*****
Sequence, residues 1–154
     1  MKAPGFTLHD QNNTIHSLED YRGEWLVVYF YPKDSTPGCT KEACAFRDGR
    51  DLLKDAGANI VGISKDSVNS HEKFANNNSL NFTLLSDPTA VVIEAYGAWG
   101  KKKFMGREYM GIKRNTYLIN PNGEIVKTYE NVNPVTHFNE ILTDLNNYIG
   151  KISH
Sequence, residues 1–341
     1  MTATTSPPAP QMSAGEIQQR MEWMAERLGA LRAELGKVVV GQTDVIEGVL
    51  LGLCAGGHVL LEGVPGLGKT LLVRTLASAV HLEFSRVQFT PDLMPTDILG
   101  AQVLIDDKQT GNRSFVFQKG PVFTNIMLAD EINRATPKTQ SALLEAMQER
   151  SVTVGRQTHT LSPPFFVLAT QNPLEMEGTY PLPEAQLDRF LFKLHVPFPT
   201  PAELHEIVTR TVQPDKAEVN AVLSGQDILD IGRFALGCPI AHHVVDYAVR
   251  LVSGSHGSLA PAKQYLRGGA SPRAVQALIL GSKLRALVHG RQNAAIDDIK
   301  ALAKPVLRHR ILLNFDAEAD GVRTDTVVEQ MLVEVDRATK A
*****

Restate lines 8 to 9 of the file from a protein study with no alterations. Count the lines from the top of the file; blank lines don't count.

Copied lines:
    51  LGLCAGGHVL LEGVPGLGKT LLVRTLASAV HLEFSRVQFT PDLMPTDILG
   101  AQVLIDDKQT GNRSFVFQKG PVFTNIMLAD EINRATPKTQ SALLEAMQER